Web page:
Monday, March 4, 2013

International oil companies can go it alone, says govt


Monday, 04 March 2013 18:43 Victoria Bruce / M-ZINE+ Senior Reporter

International oil companies (IOCs) will be able to independently invest 100 percent in offshore and deepwater blocks without having to take on a local partner, Deputy Minister Htin Aung from Myanmar’s Ministry of Energy (MoE) told Mizzima’s sister publication, M-ZINE+, in an exclusive interview on Monday on the sidelines of a petroleum conference in Yangon.

In Myanmar’s onshore sector, operators are required to team up with a local partner to explore for oil and gas, the focus being on technology and skills transfer, Htin Aung said, explaining that this requirement will remain for all onshore and some shallow offshore exploration.

This picture taken on on June 1, 2012, shows the construction of oil tanks at a site operated by China National Petroleum Corporation at an offshore block of Madae Island near the town of Kyaukphyu in Rakhine State, western Myanmar. (AFP PHOTO)

“At this moment, for onshore and shallow water, there will be a requirement for local participation. But for the deepwater which is capital intensive and high risk, we are looking to promote foreign direct investment,” he said.

For many local companies, the announcement will come as a disappointment, since around 100 firms have registered with the MoE in recent months in anticipation of pairing up with foreign operators to exploit Myanmar’s offshore petroleum resources.

“Local firms are lobbying against this,” said a representative from local services company Parami Energy, which is a minority partner for onshore block PSC-I with India’s Jubilant Energy.

To balance things out, the Myanmar government said it is leaving the decision whether to take on a local partner to the discretion of the operator, explained Soe Myint, the former Director-General of the Ministry’s Energy Planning Department, who is now the Executive Director of local services firm Machinery and Solutions Co Ltd.

“We have more than 80 local companies registered with the Ministry of Energy ready to work with foreign E&P companies,” he said.

But in the capital-intensive business of deepwater exploration, where drilling one well can cost in excess of US $100 million, it’s just not economically feasible to expect the local partner to come up with five or 10 percent, or to free-carry them, a representative from Anadarko Petroleum Corporation told M-ZINE+.

“Most IOCs have global portfolios and if the terms aren’t profitable in Myanmar, then they’ll look elsewhere,” he said.

The requirements in capital, technology, and the expertise of drilling a well in 2,000-meter open deepwater as compared to depths of 200-500 meters in shallow offshore or onshore differ exponentially, said Edwin Vanderbruggen, a partner of VDB Loi, a law firm specializing in transactions and taxation.

“Doing deepwater or doing petroleum operations on the shelf is like comparing boiling an egg with cooking a six-course dinner in a two-star Michelin restaurant,” Vanderbruggen said. “It’s actually an entirely different business.”

He said it doesn’t make sense to have a local partner requirement for deepwater offshore blocks, because the local partner has little to offer in terms of technology or capital.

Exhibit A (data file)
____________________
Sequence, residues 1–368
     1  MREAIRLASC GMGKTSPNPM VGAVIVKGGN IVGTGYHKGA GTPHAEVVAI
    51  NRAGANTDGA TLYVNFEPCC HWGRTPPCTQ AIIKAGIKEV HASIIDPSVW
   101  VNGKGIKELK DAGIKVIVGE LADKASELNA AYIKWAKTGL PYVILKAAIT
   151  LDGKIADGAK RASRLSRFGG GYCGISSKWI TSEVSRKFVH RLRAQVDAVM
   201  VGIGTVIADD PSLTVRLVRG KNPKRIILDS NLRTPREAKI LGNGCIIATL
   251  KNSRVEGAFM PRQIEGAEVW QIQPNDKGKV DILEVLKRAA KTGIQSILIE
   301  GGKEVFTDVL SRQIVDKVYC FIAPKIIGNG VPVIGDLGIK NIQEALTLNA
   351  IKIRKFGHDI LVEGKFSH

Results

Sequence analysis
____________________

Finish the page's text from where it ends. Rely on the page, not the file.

“There are only four or five E&P [exploration & production] companies in the world with the money and technology to do deepwater,” said Vanderbruggen.

“Drilling a well at this depth costs $500-600 million,” he said. “If you have a local partner who has 10 percent, that means with every well they have to come up with $60 million. How many local partners in Myanmar have that kind of money lying around? That will be very difficult.”

He said many operators will compare the profitability of a Myanmar play against their global operations, and if the numbers don’t add up, they won’t invest.

“For example, if you want to invest $600 million to drill a well, and your local partner can’t come up with his 10 percent, what are you going to do? Free carry him? That’s giving money away,” he said.

Under the current MoE guidelines, foreign firms must enter into a production-sharing contract (PSC) with the Myanmar Oil and Gas Enterprise (MOGE), the country’s national oil company, which is responsible for upstream hydrocarbon production.

Htin Aung said the terms and conditions of the PSC, the industry term for an agreement between an IOC and host country regarding the percentage of production each party will receive, will not be up for negotiation, as the Myanmar government wants to create an equal playing field for all applicants.

“Before it [the PSC terms] was negotiable, but now with more interest coming from foreign companies, we will not have time for negotiation because it takes too long,” he said.

However, he stressed the need to speedily develop Myanmar’s petroleum sector to respond to the country’s growing demand for energy.

“We are not going to entertain any negotiations, but we want to develop our country very fast,” Htin Aung told M-ZINE+, adding, “so the company that offers the best terms and conditions will be preferable.”

Bids are currently being invited for the country’s onshore tender, which is due to close later this month. The much-anticipated tender for offshore and deepwater blocks is tipped to be announced in the next few months, industry insiders said.

A range of international E&P firms are putting in bids for some 17 blocks in Myanmar’s second onshore tender, including India’s ONGV Videsh Ltd and UK-registered Dove Energy.

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